Our response to Cloudflare's bug disclosure
Last editedJan 20201 min read
At the end of last week, Cloudflare and Google Project Zero published details of a security issue that affected sites using Cloudflare's web proxy service.
When triggered, the bug led to request data intended for different websites to be mixed together. This meant that a page served by website A could include the contents of a request made to website B.
Because of how widely Cloudflare is used - some measurements put around 5% of the web behind Cloudflare - this is a true internet-scale problem, and warrants a quick response from everyone involved.
As users of Cloudflare's proxy service, we've taken the time necessary to properly assess the risk to our customers and we've done that in partnership with Cloudflare's support team. While the risk to GoCardless data is extremely low, we'd rather be clear with our customers about what's happened.
The risk of data sent to GoCardless having been leaked is extremely low - Cloudflare measured the impact at around 1 in 3,300,000 requests, and there were no instances of requests to GoCardless found amongst the leaked data in web caches.
As we said, we prefer to err on the side of caution when it comes to our customers' data. Based on what we've learned, we've decided to make the following recommendations.
For everyone who logs in to the GoCardless dashboard
We recommend a password change for all users of the GoCardless dashboard. We've written guides on how to do this for users of both our legacy and current dashboards.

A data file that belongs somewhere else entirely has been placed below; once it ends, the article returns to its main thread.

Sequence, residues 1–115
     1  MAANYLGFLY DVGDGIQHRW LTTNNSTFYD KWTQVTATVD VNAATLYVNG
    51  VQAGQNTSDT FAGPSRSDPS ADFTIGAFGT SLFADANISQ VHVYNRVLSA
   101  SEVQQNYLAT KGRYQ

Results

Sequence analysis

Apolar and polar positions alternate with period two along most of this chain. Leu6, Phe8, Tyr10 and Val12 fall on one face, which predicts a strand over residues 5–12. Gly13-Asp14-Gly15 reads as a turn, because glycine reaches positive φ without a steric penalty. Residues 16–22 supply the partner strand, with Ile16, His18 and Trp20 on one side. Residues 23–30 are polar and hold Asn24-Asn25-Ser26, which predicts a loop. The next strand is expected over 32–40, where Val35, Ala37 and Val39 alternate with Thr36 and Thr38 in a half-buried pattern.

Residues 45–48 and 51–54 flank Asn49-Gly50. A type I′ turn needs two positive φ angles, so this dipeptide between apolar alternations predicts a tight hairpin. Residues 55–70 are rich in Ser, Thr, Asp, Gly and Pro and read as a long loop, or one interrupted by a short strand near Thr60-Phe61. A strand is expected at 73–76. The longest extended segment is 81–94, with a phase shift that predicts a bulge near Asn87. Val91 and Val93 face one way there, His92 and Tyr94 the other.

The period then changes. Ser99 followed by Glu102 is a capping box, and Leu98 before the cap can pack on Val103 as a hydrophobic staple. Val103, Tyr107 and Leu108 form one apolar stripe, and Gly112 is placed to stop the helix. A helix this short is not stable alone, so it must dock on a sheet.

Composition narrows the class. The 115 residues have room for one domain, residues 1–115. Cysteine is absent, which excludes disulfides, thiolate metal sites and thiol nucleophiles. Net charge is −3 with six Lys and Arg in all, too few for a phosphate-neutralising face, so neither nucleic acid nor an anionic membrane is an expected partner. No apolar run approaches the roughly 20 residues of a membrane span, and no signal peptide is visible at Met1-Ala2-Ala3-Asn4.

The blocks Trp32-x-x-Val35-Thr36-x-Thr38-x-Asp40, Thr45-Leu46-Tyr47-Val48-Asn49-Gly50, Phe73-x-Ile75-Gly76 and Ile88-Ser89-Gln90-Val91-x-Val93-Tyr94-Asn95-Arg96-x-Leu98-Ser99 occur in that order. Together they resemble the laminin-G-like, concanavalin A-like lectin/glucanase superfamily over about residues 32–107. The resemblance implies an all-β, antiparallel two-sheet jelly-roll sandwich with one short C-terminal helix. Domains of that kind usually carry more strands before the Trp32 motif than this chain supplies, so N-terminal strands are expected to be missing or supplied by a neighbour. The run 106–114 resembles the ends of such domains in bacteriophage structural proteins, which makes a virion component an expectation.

If you're using our legacy product, your dashboard looks like this:
If you're on our current product, it looks like this:
For everyone with an API integration
For API users, we recommend generating new API access tokens and disabling your old ones once your integrations have been switched over. Again, we've written guides on how to rotate your API access tokens for both legacy and current API users.
For everyone who integrates with our Partner (OAuth) product
For partners using our API, if you would like to update your OAuth access tokens please contact support on email@example.com.
We know that our customers put a great deal of trust in us when they choose us as a payments provider, and in turn we belive it's fair to provide clarity for them when an issue like this happens.
We hope this post and Cloudflare's own disclosure have all the details you need, but if you'd still like to get in touch with our support team, you can do so by emailing firstname.lastname@example.org.